Sebamed can continue claiming their soap is superior to HUL’s, rules Bombay HC

However, Sebamed cannot compare HUL’s soaps to washing detergents

e4m by exchange4media Staff
Updated: Jan 20, 2021 8:28 AM

 The Bombay High Court has allowed German personal care brand Sebamed to continue displaying advertisements claiming their soap is superior to Hindustan Unilever’s (HUL) soaps. However, Sebamed cannot compare HUL’s soaps to washing detergents, as it has done in its recent campaign, the court ruled in its injunction order passed on January 19. The high court bench reportedly concluded that Sebamed ads were backed by evidence-based data.

The matter was taken to the court by HUL with the plea to retrain Sebamed’s campaign from all mediums.

The ad war between HUL and Sebamed began after the latter came out with a campaign claiming that its cleansing bar is better than HUL’s. While ads very often claim that a particular company's products are superior, Sebamed directly named HUL's brands such as Dove, Rin, Pears and Lux, even claiming that beauty soaps such as Lux, Pears, and Santoor have the same pH levels as dishwashing soap bar Rin. In the campaign creative, they placed a strip of litmus paper on all the soaps in question to illustrate their point. The campaign is titled Filmstars kee nahi, science kee suno - a clear reference to Lux soap which has always been known as the 'filmstars’ soap'.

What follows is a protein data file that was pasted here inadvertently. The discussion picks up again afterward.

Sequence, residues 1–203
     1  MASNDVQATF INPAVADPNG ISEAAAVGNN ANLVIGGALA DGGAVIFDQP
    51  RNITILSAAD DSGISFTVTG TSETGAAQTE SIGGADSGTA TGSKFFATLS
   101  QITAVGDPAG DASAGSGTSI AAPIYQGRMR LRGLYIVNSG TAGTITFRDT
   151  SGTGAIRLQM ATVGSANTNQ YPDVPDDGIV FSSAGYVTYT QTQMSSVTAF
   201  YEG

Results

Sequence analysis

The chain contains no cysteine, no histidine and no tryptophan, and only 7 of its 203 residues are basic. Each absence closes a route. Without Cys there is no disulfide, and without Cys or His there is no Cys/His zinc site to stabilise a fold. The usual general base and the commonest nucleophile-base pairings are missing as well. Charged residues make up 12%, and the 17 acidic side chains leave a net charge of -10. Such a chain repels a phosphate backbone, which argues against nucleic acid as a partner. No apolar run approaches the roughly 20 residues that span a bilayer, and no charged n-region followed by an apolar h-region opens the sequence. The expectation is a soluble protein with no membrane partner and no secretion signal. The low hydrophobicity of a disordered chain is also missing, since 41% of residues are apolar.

In video commercials shared on YouTube and on Sebamed India's Twitter handle, the company claimed its cleansing bar has a Ph level of 5.5, lower than that of HUL's Dove (7) and Lux (10). Sebamed also used the same marketing strategy in advertisements shared in newspapers and on Twitter.

"The personal care industry has always been conditioned to follow standard beauty practices in order to make it appealing to consumers. However, when we came across Sebamed and what the brand wanted to convey to its consumers, we decided to communicate the product truth through our campaign, without any silver coating. Striking the right balance between the bandwagon fallacy and authenticity, the brand is building a connection with its consumers through demonstration-based advertising with an honest approach," The Womb, the agency that conceptualised the campaign, had told exchange4media.

As for HUL, it responded with a newspaper advertisement of its own, which claimed dermatologists trusted Dove. The brand’s response to its competitor said, “Our brands are best-in-class & deliver fully on the promises...backed by strong tech, science, clinical evidence & decades of expert and consumer-backed testing, enjoying strong brand loyalty. We will take suitable action as we deem fit.”





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